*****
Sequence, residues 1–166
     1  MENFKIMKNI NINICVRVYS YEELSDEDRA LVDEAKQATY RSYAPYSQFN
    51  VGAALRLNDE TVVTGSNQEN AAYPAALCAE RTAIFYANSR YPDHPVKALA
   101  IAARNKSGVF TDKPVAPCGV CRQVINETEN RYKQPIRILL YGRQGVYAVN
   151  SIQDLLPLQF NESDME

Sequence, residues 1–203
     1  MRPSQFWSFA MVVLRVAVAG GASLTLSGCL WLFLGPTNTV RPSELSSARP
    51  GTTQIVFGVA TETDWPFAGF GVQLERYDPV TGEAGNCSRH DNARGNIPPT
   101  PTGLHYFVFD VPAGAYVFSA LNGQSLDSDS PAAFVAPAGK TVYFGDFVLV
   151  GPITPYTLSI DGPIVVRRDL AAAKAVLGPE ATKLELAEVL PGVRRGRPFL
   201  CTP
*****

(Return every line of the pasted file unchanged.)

Sequence, residues 1–166
     1  MENFKIMKNI NINICVRVYS YEELSDEDRA LVDEAKQATY RSYAPYSQFN
    51  VGAALRLNDE TVVTGSNQEN AAYPAALCAE RTAIFYANSR YPDHPVKALA
   101  IAARNKSGVF TDKPVAPCGV CRQVINETEN RYKQPIRILL YGRQGVYAVN
   151  SIQDLLPLQF NESDME

Sequence, residues 1–203
     1  MRPSQFWSFA MVVLRVAVAG GASLTLSGCL WLFLGPTNTV RPSELSSARP
    51  GTTQIVFGVA TETDWPFAGF GVQLERYDPV TGEAGNCSRH DNARGNIPPT
   101  PTGLHYFVFD VPAGAYVFSA LNGQSLDSDS PAAFVAPAGK TVYFGDFVLV
   151  GPITPYTLSI DGPIVVRRDL AAAKAVLGPE ATKLELAEVL PGVRRGRPFL
   201  CTP